A Saturday bike ride, chilly and damp, made lovely by the utter dearth of people on the Keystone and Big Papio trails.
I don’t usually ride trails, but I needed brainless pedaling, free from traffic, free from decisions any more complex than “North first? Or south?” And the prevailing winds decide that anyway.
Hawks swooped startled from nearby branches, only to reperch and regard me without concern. Gaggles and gaggles of Canada geese declined to move from where they sqatted alongside the trail, between the trail and the ravine, in the fields across miles of scrub grass or fallow fields. Though it was overcast, gloomy, and wet, it was still about 45-50 degrees with a stiff wind out of the south. With the trails almost compass-straight north and south, I alternated between 17 mph and 12-13, with about the same amount of effort. Actually, I alternated between “I AM FLEET AND FAIR AND STRONG!” and “I am the fattestlaziestlousiest rider of bikes in the world.”
I rode 35 miles on flat paved trails, pshaw, nothing. Used to be nothing. Now that I’m so long between rides of any kind, much less good long ones, it’s something and I’m proud. I claimed my hot tub time like a weary boxing champ, chanting, “I am still a contendah!” Until the lightning began, when I climbed back out, dripping and muttering, “I am still not stupid.”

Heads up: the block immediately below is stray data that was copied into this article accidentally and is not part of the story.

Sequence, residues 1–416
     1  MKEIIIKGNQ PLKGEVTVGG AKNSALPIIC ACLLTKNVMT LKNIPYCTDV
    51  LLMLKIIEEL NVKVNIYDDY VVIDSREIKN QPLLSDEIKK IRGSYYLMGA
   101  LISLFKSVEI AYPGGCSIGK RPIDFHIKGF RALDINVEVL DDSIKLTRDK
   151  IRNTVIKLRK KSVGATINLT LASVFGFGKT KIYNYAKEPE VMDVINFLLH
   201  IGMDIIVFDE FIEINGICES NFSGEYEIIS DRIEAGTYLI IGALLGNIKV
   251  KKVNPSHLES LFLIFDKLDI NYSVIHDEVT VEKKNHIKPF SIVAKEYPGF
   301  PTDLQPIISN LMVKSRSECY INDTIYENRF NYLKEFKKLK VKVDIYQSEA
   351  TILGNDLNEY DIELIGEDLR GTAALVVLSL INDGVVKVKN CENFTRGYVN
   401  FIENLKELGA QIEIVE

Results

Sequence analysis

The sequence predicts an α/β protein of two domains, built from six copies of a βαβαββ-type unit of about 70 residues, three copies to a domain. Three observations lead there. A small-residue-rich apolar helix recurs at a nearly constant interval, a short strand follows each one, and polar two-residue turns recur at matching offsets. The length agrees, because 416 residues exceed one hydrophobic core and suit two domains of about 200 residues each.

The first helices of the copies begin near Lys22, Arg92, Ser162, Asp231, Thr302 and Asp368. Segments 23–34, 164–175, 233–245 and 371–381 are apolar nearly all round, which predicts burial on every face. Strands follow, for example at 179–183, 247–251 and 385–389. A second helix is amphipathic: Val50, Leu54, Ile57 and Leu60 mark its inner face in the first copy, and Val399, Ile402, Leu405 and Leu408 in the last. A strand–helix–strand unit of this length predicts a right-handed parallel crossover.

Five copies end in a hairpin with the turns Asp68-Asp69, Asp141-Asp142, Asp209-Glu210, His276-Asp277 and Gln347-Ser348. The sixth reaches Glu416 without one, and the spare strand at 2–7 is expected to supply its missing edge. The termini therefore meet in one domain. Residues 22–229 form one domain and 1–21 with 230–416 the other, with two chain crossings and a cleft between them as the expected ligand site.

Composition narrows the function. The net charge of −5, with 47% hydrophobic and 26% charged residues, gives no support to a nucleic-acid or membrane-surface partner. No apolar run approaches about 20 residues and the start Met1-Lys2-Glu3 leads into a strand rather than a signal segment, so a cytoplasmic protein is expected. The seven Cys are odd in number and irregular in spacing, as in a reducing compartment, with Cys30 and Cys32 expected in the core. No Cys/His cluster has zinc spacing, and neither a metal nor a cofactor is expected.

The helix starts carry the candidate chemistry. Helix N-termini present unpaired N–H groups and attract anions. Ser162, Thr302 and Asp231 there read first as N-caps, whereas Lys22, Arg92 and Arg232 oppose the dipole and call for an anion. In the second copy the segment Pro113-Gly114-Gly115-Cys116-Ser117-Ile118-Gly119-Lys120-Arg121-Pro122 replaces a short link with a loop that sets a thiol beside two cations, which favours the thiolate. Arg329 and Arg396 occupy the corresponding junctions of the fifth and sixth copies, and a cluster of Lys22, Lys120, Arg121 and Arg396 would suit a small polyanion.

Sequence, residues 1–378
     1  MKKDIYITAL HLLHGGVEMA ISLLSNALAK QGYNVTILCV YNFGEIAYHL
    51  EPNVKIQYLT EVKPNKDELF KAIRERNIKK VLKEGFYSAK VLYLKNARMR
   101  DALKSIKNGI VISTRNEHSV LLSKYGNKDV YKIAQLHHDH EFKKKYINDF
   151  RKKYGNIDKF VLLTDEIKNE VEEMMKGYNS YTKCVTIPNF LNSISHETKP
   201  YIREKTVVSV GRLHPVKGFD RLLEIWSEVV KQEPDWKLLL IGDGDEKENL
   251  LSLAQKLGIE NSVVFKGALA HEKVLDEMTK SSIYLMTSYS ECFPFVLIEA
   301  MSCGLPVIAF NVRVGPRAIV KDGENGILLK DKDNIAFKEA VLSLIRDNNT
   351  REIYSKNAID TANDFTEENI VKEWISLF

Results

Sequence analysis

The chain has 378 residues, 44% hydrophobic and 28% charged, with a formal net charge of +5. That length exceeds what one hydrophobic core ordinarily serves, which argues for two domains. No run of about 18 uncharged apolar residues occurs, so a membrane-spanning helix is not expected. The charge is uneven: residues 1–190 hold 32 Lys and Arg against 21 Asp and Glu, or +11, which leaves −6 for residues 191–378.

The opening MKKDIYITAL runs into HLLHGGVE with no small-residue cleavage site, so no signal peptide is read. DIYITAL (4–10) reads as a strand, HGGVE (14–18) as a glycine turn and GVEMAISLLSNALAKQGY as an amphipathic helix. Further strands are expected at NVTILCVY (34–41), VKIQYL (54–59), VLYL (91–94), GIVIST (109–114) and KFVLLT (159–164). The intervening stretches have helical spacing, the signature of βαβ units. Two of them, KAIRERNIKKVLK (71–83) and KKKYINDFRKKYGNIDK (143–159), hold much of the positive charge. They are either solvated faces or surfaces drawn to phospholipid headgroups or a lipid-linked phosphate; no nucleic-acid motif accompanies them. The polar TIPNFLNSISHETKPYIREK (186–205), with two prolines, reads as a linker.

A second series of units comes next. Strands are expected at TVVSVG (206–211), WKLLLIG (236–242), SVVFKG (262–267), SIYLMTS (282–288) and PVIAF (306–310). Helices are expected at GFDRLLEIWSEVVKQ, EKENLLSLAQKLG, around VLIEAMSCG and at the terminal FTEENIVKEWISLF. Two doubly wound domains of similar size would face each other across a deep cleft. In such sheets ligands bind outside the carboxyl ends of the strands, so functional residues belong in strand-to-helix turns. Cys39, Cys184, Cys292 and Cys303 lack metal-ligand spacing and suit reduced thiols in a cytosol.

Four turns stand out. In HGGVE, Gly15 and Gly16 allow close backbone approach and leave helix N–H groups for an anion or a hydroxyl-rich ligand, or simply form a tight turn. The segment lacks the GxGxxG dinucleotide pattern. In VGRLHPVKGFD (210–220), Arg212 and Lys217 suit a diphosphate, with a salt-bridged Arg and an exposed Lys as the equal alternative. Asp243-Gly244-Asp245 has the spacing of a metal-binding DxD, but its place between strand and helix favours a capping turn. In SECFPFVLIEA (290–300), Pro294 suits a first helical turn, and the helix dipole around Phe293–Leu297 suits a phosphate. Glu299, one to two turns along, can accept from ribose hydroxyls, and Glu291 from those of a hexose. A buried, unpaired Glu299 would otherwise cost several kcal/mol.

During a commute or even a long social ride, my brain is focused on traffic, cadence, performance, form, ohshitabighill, or — sometimes just as challenging — making clever conversation.
Saturday’s ride was completely in my head. #SoZen. I had a lot of time to think, and some of that thinking was about how I might write about the ride I was on. #SoMeta.
But I wasn’t thinking about the blog. I still have to remind myself I’ve rekindled the blog.
So I guess it shouldn’t surprise me that my thoughts about Saturday’s ride came to me in 140-or-fewer-character bursts.
Time to untrain the Twitter brain.